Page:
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Real Estate Broker Duty to Disclose

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					   REAL ESTATE BROKERS OWE DUTY TO DISCLOSE TO
PROSPECTIVE BUYERS THAT SELLERS MAY NOT BE ABLE TO
         TRANSFER TITLES FREE FROM LIENS
          By: Anthony Marinaccio and Christopher Cardinale, Associates
                          Alvarez-Glasman & Colvin

Published in Apartment Age Magazine, Apartment Association of Greater Los Angeles,
                                 February 2011

The California Court of Appeal recently decided a case having important implications on
real estate transactions, especially in light of the economic downturn. The case, Holmes
v. Summer (4th Dist. 2010, 2010 WL 3896726), dealt with whether real estate brokers
owe a duty to buyers to disclose, prior to entering escrows, property defects potentially
impacting the value or desirability of properties.

The facts of the case were undisputed. A real estate broker, acting as a seller's agent,
listed a property for sale, advertising a price of 749,000-$799,000. The buyer agreed to a
sale price of $749,000 and a 30-day escrow period.

Unbeknownst to the buyer at the time the purchase documents were signed, the property
was subject to three deeds of trust totaling over $1.4 million. As this amount clearly
exceeds the purchase price, almost doubling it, the property could not be transferred free
and clear of all monetary liens and encumbrances.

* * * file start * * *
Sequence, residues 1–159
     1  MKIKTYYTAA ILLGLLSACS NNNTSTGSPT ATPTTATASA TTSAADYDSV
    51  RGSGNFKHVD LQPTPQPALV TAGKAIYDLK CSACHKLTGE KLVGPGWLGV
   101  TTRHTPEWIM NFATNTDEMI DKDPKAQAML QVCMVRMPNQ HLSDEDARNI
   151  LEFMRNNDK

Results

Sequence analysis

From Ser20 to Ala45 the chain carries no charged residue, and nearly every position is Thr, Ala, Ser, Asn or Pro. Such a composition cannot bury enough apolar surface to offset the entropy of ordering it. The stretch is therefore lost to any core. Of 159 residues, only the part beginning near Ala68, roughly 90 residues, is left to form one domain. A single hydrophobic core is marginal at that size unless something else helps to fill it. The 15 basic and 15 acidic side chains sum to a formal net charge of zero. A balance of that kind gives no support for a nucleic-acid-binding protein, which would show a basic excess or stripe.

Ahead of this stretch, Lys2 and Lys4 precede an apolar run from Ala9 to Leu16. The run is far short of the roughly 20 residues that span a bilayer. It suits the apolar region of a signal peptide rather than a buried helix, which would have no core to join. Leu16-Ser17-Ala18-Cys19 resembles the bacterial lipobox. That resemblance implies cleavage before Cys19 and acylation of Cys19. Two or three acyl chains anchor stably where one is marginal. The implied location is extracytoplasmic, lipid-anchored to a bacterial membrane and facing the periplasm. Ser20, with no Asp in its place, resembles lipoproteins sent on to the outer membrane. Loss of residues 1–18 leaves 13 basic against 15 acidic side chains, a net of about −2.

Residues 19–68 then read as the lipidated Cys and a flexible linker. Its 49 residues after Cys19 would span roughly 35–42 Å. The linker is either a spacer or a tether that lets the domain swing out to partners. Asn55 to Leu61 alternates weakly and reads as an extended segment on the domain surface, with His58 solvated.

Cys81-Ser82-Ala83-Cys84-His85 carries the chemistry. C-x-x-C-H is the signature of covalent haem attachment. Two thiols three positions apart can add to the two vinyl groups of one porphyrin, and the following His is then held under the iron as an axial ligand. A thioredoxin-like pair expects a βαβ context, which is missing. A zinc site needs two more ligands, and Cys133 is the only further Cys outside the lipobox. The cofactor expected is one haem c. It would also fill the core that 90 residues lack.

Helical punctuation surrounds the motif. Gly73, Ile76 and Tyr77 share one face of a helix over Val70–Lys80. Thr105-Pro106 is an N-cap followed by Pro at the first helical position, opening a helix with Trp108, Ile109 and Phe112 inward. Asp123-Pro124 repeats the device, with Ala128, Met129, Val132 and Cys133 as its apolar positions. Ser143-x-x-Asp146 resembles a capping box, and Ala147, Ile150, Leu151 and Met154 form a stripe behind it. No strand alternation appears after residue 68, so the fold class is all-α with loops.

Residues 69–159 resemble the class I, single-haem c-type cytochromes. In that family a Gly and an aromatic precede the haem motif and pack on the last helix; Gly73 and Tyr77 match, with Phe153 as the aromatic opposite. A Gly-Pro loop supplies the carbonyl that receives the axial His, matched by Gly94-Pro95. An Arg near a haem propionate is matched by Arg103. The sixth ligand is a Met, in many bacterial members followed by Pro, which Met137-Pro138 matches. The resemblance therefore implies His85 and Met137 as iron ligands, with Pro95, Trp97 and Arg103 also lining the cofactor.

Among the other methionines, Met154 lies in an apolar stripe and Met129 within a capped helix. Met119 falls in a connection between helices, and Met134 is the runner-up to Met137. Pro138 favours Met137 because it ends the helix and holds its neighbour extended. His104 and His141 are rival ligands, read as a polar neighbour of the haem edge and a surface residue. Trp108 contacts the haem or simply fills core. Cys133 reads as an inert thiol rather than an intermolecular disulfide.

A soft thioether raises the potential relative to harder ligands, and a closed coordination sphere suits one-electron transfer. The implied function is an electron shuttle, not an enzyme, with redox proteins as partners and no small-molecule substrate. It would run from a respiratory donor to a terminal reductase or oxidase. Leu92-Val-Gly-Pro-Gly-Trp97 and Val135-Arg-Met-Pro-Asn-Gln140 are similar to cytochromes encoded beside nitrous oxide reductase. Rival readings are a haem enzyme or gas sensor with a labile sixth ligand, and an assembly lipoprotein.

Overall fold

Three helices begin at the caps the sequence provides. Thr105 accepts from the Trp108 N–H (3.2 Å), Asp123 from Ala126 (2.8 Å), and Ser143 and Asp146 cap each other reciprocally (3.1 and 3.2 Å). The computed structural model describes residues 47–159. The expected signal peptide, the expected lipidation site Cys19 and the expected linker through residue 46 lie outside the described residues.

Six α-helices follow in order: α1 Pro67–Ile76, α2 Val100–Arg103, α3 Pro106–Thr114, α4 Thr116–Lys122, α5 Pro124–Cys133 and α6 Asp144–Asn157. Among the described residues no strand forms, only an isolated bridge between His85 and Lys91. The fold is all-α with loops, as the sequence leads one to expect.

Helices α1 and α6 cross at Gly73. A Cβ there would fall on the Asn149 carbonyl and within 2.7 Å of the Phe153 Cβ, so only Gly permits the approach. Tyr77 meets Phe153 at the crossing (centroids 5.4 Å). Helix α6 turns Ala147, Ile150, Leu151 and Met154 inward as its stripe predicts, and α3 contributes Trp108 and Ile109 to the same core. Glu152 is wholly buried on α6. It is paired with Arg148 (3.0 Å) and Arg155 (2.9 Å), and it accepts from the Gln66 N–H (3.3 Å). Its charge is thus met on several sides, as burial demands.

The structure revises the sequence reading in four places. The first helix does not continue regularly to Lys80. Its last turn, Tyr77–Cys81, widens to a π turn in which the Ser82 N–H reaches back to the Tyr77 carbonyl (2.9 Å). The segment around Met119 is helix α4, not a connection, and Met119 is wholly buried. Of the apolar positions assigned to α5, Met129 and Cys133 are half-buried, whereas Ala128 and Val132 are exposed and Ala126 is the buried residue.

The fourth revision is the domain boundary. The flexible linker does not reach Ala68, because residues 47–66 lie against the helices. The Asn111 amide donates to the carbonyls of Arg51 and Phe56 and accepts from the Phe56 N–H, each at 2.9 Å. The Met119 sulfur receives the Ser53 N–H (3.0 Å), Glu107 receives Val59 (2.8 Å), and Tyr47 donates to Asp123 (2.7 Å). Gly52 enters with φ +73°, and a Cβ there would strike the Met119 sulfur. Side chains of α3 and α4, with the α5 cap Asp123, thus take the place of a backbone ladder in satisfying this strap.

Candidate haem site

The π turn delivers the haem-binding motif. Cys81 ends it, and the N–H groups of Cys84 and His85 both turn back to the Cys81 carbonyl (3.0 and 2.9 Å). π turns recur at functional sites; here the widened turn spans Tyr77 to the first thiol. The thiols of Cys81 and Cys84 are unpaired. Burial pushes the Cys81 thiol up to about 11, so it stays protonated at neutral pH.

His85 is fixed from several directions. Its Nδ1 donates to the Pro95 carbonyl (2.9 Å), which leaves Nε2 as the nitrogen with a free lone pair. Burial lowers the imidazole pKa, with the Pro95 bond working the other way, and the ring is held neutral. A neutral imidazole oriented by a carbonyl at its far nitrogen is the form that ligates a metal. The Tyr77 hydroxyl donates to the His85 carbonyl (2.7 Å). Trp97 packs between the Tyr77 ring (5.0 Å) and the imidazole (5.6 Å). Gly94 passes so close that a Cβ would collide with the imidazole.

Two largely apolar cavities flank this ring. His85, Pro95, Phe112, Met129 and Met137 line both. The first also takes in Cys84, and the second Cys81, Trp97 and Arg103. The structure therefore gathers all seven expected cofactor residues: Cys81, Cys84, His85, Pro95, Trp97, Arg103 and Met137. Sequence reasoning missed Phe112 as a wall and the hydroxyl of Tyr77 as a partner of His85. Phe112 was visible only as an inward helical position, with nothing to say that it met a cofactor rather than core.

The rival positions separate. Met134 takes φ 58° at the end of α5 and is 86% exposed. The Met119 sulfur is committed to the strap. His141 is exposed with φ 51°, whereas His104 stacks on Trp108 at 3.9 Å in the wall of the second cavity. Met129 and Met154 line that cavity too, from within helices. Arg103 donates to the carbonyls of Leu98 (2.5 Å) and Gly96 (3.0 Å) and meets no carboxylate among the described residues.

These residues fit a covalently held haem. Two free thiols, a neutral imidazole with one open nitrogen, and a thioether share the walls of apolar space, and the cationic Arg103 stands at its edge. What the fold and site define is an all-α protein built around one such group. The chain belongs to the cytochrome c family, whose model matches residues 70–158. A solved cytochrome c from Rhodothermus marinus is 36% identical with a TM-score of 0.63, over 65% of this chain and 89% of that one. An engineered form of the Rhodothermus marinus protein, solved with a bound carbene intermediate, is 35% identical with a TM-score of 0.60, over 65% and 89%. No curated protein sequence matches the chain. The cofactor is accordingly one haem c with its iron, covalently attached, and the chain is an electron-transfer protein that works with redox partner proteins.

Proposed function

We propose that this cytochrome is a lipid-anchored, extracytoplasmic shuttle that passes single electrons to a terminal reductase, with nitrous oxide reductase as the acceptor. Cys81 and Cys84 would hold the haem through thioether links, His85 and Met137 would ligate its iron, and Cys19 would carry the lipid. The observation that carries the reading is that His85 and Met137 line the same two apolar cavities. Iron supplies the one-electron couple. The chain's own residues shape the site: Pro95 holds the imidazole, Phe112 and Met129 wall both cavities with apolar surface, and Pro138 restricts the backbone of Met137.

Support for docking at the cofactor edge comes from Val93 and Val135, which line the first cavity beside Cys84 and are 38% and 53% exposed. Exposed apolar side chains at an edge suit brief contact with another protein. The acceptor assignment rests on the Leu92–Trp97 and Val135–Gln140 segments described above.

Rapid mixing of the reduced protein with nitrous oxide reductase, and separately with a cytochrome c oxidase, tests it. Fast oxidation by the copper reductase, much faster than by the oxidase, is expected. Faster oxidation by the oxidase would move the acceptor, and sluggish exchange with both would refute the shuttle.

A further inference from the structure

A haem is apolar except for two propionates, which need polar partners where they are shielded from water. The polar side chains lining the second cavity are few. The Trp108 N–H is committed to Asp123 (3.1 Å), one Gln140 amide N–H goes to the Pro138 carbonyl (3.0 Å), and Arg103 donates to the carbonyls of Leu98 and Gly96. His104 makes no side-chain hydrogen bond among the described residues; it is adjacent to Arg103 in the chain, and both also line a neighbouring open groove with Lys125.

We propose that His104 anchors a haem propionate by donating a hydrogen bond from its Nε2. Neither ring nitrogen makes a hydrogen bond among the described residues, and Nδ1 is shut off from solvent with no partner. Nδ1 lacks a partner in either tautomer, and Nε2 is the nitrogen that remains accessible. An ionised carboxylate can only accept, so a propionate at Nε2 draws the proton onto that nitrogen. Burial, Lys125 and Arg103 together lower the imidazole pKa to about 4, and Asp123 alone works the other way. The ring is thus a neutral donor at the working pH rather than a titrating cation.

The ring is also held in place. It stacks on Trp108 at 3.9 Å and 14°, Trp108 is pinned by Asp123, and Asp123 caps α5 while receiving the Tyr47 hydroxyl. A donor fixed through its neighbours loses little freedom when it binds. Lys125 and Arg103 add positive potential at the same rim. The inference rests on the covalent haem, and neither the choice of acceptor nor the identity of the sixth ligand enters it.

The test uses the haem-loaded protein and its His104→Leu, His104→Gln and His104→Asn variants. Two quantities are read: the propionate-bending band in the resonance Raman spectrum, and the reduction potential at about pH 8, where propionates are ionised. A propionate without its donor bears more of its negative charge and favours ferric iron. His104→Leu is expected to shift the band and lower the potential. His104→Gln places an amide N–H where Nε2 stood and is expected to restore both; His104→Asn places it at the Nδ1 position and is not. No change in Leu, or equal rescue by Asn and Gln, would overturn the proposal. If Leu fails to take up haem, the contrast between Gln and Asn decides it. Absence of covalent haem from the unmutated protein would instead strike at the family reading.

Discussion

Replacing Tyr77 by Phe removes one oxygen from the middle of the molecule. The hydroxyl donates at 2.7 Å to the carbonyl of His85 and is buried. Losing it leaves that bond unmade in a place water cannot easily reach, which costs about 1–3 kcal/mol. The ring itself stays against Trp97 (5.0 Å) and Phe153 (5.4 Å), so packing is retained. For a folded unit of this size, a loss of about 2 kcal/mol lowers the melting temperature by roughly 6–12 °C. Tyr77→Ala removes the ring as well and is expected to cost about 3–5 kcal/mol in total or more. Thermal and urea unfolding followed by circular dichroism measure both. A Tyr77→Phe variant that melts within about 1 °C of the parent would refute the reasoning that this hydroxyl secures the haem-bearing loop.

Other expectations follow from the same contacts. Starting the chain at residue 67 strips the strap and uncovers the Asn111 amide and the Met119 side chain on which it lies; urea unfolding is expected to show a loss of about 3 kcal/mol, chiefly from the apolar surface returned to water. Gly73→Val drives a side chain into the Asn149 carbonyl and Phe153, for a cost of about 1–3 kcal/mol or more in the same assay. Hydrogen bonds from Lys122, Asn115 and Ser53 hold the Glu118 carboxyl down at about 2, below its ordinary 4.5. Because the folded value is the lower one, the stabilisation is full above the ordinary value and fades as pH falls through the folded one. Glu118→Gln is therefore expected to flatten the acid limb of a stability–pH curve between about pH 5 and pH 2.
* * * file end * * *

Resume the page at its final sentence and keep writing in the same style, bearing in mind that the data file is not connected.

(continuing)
Having already sold his principal residence in anticipation of the purchase, the buyer
sued, asserting causes of action for negligence, negligent misrepresentation, and for
deceit based upon both misrepresentation and the failure to disclose.

The court began its analysis by noting the general rule that where the seller or seller's
agent knows of facts materially affecting the value or desirability of property, and they
are known only to him, there is a duty to disclose those facts to the buyer.

Importantly, the duty to disclose is not limited to physical defects, and has been extended
by courts to include neighborhood nuisances, murders occurring on the property, and
improvements constructed in violation of building codes or zoning regulations. The court
extended this rationale to the facts of the case, ruling that monetary liens and
encumbrances on property significant enough to affect its value and desirability
constitute defects that must be disclosed.
The broker claimed there was no duty to disclose the defect because the buyer should
have discovered it through a reasonable title inspection. The court found this argument
unpersuasive, noting that while a title check would have revealed the deeds of trusts, the
current balance of the promissory notes would not have been indicated.

Furthermore, a buyer's obligation to make a reasonable inspection of the property does
not require them to perform a title search prior to making an offer on a property. Instead,
as the court noted, preliminary title reports are typically provided during escrow. Thus,
the failure to conduct a title search prior to making an offer on the property did not